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Ernest L. Brothers Interior Design Collection

A Louis XVI-inspired, canopy bed by Ernest L. Brothers, a leading interior designer to New York and Newport elites from the 1920s-60s, c. 1950. Watercolor by Ernest L. Brothers.
Collection of the National Building Museum
Bed alcove drapery, Louis XVI, after Morreau, March 4, 1960. Gift of Frances Griffin Brohters and Diana Brothers McGee.
Collection of the National Building Museum

Gift of Frances Griffin Brothers and Diana Brothers McGee

Donated in 1986

Ernest L. Brothers (1891–1974) was a highly successful and sought-after interior designer whose grandest projects were undertaken for New York and Newport elites in the second quarter of the 20th century—including visionary merchant and tastemaker Samuel H. Kress. Born in England to a family of antique dealers and decorators, Brothers embraced the business and arrived in New York via Paris in 1919 as branch manager for the French firm Carlhian & Co. He established his own business in 1927.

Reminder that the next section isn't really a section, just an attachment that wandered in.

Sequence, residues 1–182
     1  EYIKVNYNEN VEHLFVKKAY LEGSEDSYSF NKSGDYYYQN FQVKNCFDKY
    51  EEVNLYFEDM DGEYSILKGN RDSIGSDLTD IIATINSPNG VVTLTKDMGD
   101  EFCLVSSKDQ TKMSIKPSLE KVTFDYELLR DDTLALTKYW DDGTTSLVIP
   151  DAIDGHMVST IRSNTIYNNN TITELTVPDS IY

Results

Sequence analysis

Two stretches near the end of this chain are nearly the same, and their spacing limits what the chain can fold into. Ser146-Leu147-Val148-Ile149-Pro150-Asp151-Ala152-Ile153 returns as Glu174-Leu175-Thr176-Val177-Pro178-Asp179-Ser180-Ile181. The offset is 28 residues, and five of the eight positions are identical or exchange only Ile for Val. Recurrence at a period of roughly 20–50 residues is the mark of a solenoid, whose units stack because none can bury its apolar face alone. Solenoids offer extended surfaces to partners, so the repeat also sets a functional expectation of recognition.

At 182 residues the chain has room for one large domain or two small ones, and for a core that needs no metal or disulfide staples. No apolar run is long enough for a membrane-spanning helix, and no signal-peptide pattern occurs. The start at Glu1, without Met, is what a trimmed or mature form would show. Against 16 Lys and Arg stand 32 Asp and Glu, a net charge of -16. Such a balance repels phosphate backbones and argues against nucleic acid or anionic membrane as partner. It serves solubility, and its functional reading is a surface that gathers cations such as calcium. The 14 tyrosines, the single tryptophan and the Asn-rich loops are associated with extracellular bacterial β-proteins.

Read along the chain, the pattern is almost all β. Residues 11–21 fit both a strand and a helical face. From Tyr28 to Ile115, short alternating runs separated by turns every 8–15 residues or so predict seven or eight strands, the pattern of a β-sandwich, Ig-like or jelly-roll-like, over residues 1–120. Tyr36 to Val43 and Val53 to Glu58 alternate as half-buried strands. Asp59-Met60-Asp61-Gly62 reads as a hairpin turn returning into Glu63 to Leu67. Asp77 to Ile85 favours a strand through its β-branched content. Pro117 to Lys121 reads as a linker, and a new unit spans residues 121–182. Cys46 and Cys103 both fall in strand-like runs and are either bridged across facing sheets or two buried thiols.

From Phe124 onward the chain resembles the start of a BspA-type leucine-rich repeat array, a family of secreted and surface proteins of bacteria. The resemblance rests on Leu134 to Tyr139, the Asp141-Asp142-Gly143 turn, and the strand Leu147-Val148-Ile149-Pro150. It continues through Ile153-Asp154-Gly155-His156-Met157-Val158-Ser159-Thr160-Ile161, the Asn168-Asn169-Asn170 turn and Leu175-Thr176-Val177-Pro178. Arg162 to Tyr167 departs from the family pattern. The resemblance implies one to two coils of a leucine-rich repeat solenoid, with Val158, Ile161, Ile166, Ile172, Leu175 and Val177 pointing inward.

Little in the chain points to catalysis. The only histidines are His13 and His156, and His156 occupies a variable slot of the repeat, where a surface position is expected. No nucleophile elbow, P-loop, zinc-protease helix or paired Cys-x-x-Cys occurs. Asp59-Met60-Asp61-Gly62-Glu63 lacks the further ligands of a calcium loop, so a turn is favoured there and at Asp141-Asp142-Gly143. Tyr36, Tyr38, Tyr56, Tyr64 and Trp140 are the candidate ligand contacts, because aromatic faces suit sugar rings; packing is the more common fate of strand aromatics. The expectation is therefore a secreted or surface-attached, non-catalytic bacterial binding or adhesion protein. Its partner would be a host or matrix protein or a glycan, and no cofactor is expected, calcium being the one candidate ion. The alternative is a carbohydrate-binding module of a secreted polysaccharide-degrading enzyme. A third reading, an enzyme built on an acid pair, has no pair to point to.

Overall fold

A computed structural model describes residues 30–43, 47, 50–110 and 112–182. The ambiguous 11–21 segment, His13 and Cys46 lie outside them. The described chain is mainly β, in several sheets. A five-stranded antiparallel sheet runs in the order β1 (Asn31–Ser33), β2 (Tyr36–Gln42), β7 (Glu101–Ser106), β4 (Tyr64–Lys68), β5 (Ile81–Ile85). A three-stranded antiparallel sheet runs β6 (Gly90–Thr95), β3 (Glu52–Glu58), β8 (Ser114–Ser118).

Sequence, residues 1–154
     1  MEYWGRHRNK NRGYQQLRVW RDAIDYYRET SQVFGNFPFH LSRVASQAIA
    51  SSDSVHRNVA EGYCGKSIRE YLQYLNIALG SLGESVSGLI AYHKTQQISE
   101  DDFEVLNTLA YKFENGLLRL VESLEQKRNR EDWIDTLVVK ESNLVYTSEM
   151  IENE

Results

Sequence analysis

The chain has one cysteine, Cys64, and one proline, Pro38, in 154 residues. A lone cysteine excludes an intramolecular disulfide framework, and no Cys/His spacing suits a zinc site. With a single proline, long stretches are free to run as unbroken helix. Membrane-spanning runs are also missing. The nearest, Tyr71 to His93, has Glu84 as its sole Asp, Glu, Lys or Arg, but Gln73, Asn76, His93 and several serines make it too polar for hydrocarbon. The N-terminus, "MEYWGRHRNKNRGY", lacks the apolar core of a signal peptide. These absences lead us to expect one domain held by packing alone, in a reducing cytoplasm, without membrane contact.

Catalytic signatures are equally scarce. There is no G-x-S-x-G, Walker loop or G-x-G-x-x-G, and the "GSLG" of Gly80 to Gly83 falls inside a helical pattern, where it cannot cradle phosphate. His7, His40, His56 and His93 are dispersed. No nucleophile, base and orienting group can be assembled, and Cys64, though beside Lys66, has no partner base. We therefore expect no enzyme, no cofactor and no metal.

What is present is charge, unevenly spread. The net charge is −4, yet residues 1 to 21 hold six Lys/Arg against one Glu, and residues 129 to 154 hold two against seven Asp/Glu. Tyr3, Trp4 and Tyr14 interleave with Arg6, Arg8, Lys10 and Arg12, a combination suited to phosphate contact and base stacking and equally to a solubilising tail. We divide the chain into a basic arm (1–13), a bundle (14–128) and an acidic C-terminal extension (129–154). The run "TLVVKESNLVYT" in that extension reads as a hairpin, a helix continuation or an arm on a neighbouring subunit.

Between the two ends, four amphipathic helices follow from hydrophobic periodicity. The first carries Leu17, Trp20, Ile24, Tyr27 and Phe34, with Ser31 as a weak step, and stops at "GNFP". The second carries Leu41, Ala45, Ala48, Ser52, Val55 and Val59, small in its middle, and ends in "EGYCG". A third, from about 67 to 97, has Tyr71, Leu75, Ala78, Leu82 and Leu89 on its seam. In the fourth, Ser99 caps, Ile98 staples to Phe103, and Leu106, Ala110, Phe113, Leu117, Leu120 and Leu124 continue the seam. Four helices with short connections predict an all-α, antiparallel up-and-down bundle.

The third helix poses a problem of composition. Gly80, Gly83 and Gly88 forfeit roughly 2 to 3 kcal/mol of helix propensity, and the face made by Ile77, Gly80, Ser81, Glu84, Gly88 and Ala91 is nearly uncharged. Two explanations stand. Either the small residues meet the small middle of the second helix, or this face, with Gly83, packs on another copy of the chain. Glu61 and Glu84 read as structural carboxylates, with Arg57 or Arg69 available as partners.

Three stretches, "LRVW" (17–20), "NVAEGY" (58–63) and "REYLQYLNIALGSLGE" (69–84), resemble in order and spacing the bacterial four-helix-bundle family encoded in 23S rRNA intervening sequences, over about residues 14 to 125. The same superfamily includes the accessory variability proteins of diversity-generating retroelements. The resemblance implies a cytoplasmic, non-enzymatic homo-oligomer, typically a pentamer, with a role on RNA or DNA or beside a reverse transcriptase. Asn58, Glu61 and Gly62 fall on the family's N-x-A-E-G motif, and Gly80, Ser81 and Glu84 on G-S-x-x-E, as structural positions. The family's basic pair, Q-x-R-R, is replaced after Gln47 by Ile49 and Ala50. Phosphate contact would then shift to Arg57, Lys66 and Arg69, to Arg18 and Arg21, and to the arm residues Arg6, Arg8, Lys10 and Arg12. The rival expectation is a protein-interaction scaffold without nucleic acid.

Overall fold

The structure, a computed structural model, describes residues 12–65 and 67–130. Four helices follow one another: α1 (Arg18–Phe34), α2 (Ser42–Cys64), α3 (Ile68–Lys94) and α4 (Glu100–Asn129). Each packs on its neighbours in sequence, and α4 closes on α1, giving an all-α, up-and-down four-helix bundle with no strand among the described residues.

Brothers cultivated his strong connections across the Atlantic and attracted clients who favored old-world elegance for their newly built residences. His referrals came from established architects such as Delano & Aldrich and Horace Trumbauer. As a recognized authority on late-18th-century English and French design, Brothers was consulted on projects for Colonial Williamsburg and the Kennedy White House.

Photographs, drawings, and luxuriant watercolors attest to Ernest L. Brothers' artistry and his now underappreciated specialty of creating historically accurate wood-paneled rooms.

Donated to the Museum in 1986 by his widow and daughter, this collection provides valuable insight into the practice of interior design during the early part of the last century.